Lately, I have been doing a bit of "research" on Steve Bryant and John Mackey. ("Research" means hours on hours of listening to several pieces over and over again.) I am very impressed with their work.
Bryant brings to the table his incredible electronics, great emotional variety, and a great command of orchestration. Mackey brings an "outside-the-box" mentality, with great unusual colors, stunningly inventive orchestration, and melodies and harmonies of intense appeal.
How I can get any better without sounding like Bryant or Mackey, or Reed or McBeth or Persichetti, for that matter, is a mystery to me.
So I made it into UM. Which is great, but I can't pay for UM. So, if they give me scholarships, I'll go.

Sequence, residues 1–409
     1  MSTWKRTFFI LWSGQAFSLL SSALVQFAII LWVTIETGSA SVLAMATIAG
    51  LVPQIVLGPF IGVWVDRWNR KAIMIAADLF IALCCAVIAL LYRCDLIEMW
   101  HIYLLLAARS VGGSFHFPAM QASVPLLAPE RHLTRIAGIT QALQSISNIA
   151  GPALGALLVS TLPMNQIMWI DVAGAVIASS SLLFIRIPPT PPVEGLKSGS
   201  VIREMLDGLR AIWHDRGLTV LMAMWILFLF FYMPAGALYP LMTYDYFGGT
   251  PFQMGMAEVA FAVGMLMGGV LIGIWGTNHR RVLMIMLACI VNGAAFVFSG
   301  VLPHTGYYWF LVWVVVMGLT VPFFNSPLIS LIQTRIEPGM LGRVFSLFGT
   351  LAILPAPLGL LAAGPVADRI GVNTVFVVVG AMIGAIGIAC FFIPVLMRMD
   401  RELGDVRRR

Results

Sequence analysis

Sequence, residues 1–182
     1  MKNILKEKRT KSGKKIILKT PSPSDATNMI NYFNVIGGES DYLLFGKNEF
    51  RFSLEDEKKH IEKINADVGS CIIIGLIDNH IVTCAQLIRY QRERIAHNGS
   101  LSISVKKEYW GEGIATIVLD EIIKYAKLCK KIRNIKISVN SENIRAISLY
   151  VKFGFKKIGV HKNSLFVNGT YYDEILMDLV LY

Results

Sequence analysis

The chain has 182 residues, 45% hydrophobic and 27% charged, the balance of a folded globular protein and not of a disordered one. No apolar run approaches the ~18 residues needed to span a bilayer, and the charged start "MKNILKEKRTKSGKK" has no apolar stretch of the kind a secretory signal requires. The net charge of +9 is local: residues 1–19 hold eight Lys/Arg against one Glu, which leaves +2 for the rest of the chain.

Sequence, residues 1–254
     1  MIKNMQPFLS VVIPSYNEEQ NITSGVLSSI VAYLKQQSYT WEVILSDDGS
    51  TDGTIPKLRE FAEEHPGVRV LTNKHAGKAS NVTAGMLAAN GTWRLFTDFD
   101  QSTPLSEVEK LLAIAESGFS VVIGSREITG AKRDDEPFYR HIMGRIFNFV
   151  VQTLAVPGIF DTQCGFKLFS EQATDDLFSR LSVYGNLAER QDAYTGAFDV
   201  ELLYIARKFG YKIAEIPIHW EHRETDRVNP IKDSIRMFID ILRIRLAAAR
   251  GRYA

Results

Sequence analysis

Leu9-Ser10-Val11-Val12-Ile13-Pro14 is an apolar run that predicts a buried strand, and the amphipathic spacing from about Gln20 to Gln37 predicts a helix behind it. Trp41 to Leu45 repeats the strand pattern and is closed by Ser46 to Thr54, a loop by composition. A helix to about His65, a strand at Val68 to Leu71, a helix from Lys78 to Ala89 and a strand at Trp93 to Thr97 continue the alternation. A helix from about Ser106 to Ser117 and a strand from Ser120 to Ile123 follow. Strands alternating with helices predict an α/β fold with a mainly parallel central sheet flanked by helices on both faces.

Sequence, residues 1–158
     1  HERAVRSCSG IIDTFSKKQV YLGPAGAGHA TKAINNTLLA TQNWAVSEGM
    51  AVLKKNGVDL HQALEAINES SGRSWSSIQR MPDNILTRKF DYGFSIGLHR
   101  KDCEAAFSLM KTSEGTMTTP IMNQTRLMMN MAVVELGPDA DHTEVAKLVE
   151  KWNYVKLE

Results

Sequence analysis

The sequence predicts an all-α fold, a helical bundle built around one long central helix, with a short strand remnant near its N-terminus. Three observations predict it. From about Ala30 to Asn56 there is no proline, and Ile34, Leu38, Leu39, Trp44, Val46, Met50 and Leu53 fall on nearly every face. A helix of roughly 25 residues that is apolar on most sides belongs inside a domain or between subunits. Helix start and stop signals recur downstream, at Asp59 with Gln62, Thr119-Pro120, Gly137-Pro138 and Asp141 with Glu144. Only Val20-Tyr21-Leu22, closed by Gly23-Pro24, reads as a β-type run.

Sure would be amazing to study at the same school where Henry Fillmore, Alfred Reed, Gary Green, Robert Longfield, and so many others have been. (Or are!)
Mahler strikes again! Symphony no. 2 has devoured my listening time for the past months. The first movement strikes me as having the same effect as Beethoven 7.2, the unstoppable march of time and death. The minuet is another example of Mahler's (often unsung) grace and elegance, and the scherzo is a whirlwind of emotions. From this emerges an absolute gem: the fourth movement with soprano (mezzo soprano, whatever) solo. This piece is hear-wrenchingly beautiful. He succeeds in embodying absolutely sublime joy in the final movement, near the middle. The symphony should end like this, I thought when I listened to it the first time. It got better. Though not quite how I would orchestrate it, Mahler's touch is apparent to the very end.